New Toy Alert! – Clover Fabric Tube Maker

I am a sucker for a new toy, especially when they actually make light work of a tricky task.  The new Clover Tube Maker is one such item that I was lucky to be sent from Groves.  A little device, similar to bias binding makers, which folds over both fabric and wadding to make a combined fabric tube.  You can use these combined tubes to make things such as the strip roll (or Jelly Roll) rugs that have been popular recently but also mats, bowls, baskets and bags.

One of my students wants to make one of these rugs and I’ve always wanted to have a go too. I have been collecting strips of fabric, ideal for using up left over binding strips, and cutting left over wadding into strips with this in mind.  

At first I was a little confused about how to make it work or fit the fabric in but checked out the very helpful and clear YouTube video from Clover demonstrating exactly how to use it.  You can find that here.

You start by joining all your strips of fabric and wadding together. First, join the strips in the same way as for binding with a angled seam to help spread the seam allowance.  You can join the wadding by butting the edges and zig zag across the join. Do not overlap the wadding which would give you a ridge which we don’t want.   

Take the 2 1/2” strip of fabric and the 2 1/2” strip of wadding and layer them together. Wadding on the wrong side of the fabric. The maker is made up of four plastic gadgets which clip together into pairs, a larger pair and a smaller pair.  The fabric and wadding strips feed through the gadget which folds as you go to form the tubes. The tube is then fed through your sewing machine and you sew the tube as it forms.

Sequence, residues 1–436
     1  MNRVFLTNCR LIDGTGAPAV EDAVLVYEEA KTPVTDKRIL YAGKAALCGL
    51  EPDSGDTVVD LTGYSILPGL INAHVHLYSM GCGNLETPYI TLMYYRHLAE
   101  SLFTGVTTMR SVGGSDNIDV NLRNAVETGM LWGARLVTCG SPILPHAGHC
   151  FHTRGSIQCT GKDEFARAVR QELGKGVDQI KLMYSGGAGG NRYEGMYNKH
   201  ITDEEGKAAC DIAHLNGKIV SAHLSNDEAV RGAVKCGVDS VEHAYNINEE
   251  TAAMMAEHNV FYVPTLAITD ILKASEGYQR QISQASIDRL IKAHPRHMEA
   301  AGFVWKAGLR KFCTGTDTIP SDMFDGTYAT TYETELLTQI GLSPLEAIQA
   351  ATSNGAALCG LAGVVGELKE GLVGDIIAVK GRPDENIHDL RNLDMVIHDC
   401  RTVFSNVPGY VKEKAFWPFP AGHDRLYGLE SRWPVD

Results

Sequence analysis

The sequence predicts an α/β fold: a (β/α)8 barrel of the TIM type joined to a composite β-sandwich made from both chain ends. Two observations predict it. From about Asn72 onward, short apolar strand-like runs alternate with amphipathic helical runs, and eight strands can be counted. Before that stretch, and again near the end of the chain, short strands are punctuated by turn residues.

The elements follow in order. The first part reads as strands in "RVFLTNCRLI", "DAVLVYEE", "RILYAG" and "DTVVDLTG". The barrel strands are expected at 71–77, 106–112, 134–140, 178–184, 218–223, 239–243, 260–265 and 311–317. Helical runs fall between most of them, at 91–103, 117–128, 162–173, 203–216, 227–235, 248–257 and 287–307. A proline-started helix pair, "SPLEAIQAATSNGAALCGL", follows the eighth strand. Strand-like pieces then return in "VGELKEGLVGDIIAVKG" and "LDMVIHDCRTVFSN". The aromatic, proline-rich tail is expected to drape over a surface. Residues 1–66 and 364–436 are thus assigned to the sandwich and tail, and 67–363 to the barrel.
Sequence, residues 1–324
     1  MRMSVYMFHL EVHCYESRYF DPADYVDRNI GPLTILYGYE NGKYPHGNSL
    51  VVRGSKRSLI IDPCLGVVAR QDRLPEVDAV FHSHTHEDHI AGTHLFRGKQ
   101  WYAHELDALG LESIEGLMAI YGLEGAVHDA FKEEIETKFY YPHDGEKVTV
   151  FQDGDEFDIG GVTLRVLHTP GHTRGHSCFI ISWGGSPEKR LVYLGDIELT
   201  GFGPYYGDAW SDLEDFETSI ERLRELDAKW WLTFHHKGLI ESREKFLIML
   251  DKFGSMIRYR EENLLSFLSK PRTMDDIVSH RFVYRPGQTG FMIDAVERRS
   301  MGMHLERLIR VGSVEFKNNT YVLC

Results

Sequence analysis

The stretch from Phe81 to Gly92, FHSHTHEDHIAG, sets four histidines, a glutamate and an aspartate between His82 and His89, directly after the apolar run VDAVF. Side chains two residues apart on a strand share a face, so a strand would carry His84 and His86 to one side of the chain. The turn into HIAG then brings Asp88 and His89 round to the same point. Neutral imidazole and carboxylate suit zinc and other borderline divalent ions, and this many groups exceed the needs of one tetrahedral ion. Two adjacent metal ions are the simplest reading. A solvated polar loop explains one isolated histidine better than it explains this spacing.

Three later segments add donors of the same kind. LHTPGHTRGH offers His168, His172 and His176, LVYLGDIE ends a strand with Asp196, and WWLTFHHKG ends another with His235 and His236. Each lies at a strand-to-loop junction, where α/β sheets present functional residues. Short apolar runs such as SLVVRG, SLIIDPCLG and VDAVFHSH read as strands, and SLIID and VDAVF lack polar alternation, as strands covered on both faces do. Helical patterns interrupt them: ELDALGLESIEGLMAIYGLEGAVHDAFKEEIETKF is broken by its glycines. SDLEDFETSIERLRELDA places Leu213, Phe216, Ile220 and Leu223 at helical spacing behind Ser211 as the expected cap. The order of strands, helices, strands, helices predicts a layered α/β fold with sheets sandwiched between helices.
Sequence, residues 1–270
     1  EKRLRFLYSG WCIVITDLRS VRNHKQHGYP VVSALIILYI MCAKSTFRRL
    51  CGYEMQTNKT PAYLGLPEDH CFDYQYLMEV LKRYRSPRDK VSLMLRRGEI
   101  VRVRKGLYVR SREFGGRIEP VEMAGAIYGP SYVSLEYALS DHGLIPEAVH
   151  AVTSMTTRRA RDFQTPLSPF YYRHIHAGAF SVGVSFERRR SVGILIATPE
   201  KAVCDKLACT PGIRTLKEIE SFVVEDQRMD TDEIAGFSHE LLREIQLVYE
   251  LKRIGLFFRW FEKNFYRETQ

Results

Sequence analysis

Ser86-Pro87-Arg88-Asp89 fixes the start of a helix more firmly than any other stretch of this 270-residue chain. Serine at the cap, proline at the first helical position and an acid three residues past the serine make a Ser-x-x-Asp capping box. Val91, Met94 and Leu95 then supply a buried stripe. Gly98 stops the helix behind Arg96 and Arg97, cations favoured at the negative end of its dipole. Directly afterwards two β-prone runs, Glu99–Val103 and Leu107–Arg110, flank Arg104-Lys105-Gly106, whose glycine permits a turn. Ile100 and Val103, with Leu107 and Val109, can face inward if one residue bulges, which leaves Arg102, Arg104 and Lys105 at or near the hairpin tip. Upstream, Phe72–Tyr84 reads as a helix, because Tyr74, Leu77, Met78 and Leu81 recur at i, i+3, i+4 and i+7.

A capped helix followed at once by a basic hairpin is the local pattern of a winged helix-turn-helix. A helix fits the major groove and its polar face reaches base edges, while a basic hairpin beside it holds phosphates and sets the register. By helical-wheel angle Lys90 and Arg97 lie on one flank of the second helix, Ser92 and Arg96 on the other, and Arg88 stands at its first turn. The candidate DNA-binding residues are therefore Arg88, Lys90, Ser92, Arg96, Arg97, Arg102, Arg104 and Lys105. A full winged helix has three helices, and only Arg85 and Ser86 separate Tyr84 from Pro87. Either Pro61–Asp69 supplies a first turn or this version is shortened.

It is recommended that a thinner wadding is used but I used out a variety of left over waddings – 80/20, pure cotton and bamboo – and all went through smoothly.  

I have been gathering strips to make enough for a good sized rug. You can see I’ve selected a colour palette of greys through pinks with a little green. I did try and keep the darker colours on the outside of the strips as this will be the area of a rug that will collect most dirt.

You can find many YouTube videos to watch on how to make the rugs, some round, some oval and I found a rectangular one too which cut lengths of the fabric tubes and joining them rather than sewing all in one piece.  This would be useful to make rectangular table mats too. It is recommended that you press every round when attaching the fabric tube to help keep it flat at sometimes they can curl upwards when making the mats.  

My Colour Selection

If you have wondered how to make one of these rugs, just grab one of these Clover Fabric Tube Makers and get going.

Published by strictlyquilting

Tutor, designer but above all a quilter.

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